• Unloaded Current This is the same as the no load current spec in Figure 6-6. Milliamps are used here instead of amps. A rating of 40mA is 0.040A, which is even less than the 0.070A required by the DC toy motor.

• Stall Current This is the current the motor needs at the stall torque.

• Stall Torque At 6V, the stall torque here is 44.90 in-oz, which is about 900 times more torque than the DC toy motor! I told you DC gearheads are stronger.

All DC motors have similar relationships among speed, power, efficiency, current, and torque. You’ve learned that maximum efficiency happens at about one-fourth of stall torque. As you can see in the data sheet for the DC toy motor and Figure 6-8, maximum power happens at one-half the stall torque.

Standard Hobby Servo Motors

There are two types of hobby servo motors: standard and continuous rotation. Standard servos are by far the more popular. They are usually found in radio-controlled models like planes and boats.

NOTE In industry terminology, servo refers to any motor with built-in feedback of some sort. Feedback just means there is some way to know where the output shaft is. I’ll call the ones covered in this book hobby servos to distinguish them from industrial servo motors.

FIGURE 6-8 Relationships among speed, power, efficiency, current, and torque in DC motors

Standard hobby servo motors are just little DC gearhead motors with some smarts in them, as shown in Figure 6-9. When you give the smarts a certain kind of pulse — basically just turning the power on and off in a specific pattern—you’re actually telling the servo motor where to point the shaft.

Instead of having just two wires you attach to a power source like the DC motors described earlier, these motors have three wires and are controlled by pulses. Standard servos have ranges between 60° and 270° (typically 180°), so they are most useful for pointing and positioning tasks. They also typically use 4.8V to 6V.

FIGURE 6-9 Anatomy of a hobby servo motor (image used with permission from ServoCity)

FIGURE 6-10 Detailed specifications for the Hitec HS-311 standard hobby servo motor

Hitec and Futaba are two popular brands of hobby servo motors that you can find at ServoCity and other sources. Figure 6-10 shows the detailed specifications for a Hitec HS-311.

Let’s go through the items of interest in the specifications list, skipping the Control System and Required Pulse lines for now (we’ll return to them when we talk about motor control later in the chapter.)

• Operating Voltage This means the motor will work if you give it anywhere from 4.8V to 6V.

• Operating Temperature Range This indicates the environment in which you can safely use the motor. The limits here are set by the sensitive electronic components on the printed circuit board inside the motor housing.

• Operating Speed This is equivalent to the no load speed on the DC motors, but worded a little differently. Because servos don’t rotate all the way around, you won’t see rpm. These specs tell us that when given 6V, the motor will move 60° (or one-sixth of a full rotation) in 0.15 second with no load on the shaft.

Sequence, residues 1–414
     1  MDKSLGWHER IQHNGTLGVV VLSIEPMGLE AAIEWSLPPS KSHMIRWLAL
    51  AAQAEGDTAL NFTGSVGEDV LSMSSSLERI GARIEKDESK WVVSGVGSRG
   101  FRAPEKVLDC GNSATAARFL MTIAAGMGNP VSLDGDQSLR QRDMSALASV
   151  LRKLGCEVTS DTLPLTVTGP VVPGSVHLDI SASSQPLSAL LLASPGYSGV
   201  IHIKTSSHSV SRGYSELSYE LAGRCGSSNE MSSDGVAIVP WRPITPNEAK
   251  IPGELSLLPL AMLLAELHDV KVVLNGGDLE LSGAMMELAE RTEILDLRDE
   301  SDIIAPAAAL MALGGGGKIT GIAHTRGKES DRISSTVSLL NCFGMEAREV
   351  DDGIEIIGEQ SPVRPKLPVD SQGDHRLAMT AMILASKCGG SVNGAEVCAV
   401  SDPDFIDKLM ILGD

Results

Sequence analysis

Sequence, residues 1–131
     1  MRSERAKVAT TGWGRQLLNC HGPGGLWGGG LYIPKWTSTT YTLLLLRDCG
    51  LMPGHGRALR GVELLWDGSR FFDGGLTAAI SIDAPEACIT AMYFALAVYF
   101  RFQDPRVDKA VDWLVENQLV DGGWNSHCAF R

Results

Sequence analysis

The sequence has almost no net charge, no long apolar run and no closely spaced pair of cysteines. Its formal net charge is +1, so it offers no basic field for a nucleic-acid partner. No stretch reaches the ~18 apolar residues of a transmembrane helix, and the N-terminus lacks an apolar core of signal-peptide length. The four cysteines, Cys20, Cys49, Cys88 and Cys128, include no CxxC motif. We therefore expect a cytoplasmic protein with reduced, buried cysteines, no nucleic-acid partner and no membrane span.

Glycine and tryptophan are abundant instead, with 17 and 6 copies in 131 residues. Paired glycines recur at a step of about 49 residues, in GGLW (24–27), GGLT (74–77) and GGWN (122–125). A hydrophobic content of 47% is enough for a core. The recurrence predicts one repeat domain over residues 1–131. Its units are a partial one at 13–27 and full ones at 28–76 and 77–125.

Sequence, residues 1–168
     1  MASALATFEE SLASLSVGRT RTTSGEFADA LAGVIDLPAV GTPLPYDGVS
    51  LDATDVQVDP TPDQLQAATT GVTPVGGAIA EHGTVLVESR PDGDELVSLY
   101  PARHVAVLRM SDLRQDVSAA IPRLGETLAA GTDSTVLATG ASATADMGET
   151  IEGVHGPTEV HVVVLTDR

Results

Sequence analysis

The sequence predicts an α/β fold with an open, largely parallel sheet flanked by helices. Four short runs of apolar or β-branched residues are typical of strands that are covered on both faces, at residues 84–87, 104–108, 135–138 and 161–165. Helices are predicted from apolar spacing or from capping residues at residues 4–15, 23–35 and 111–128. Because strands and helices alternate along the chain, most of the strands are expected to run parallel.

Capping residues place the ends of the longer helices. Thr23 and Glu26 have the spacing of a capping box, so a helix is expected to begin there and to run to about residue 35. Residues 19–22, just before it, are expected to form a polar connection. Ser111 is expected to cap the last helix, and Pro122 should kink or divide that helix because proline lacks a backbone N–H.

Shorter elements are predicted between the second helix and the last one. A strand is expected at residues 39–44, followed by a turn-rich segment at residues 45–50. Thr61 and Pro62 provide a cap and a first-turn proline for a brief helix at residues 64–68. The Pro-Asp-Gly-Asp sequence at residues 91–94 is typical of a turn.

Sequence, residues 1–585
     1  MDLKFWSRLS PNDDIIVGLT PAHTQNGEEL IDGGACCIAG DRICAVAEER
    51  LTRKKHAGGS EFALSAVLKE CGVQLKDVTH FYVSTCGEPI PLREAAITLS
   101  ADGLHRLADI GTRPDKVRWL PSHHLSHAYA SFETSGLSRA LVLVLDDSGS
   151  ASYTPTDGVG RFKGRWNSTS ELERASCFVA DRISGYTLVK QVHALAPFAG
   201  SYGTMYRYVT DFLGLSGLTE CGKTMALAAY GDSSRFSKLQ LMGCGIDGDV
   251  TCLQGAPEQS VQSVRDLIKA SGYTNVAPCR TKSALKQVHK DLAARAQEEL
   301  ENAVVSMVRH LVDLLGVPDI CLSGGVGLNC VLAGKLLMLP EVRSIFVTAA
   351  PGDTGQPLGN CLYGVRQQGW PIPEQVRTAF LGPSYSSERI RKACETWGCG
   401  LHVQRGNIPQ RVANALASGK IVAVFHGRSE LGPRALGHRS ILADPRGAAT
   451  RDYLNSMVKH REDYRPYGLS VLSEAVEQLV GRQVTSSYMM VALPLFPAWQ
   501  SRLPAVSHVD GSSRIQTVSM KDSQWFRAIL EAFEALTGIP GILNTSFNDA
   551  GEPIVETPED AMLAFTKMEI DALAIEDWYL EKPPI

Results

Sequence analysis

• Current Drain This is similar to no load current on the DC motors. For this servo, we see two numbers. At 6V, the servo will draw 7.7mA of current just doing nothing, and 180mA when moving with no load on the shaft.

• Stall Torque This is the same as on the DC toy and gearhead motors. The stall torque is the highest torque the motor can give, and happens when you stop it or stall it when it’s trying to move. This motor shows 49 oz-in of torque at 6V when stalled. This is equivalent to about 3 in-lbs.

• Operating Angle and Direction These tell us the servo can move 45° in either direction, for a total range of 90°. On this particular motor model, you can pay \$10 more to get a 180° range.

• Gear Type This is the most relevant line for us in the rest of the lines in the specification, which describe the motor parts. Lower torque servos will have plastic gears usually made out of nylon. Stronger servos with higher torque use metal gears.

Continuous Rotation Hobby Servos

A continuous rotation servo is a modification of the standard servo motor. Instead of determining position, the pulses tell the motor how fast to go. You give up knowing the position of the servo arm here, but you gain speed control and 360° movement. A continuous rotation servo is a great option if you have something that needs to spin continuously but you want an easy way to control the speed, such as for an electronic toy mouse to chase your cat around.

You can either buy servos that are already modified for continuous rotation, like the Hitec HSR-1425CR, or get a standard hobby servo and perform some surgery to modify it yourself. If you’re wondering which servos can be modified for continuous rotation, check ServoCity’s Rotation Modification Difficulty List (www.servocity.com/html/rotation_modification_difficul.html).

Stepper Motors

The stepper motor combines the precise positioning of standard hobby servos and the continuous rotation of DC toy and gearhead motors. The central shaft of a stepper has a series of magnets on it in the shape of a gear, and there are several wire coils surrounding this gear magnet on the inside of the motor housing. It is a bit like an inside-out version of the previously described DC motors, which have the coils on the shaft and the magnets on the housing.

Steppers work by moving in a bunch of little increments, or steps. If you step them fast enough, it looks like continuous motion. Each time one of the coils is energized, it pulls one of the teeth on the shaft toward it to complete one step. For example, a 200-step motor moves in a full 360° circle at 1.8° per step.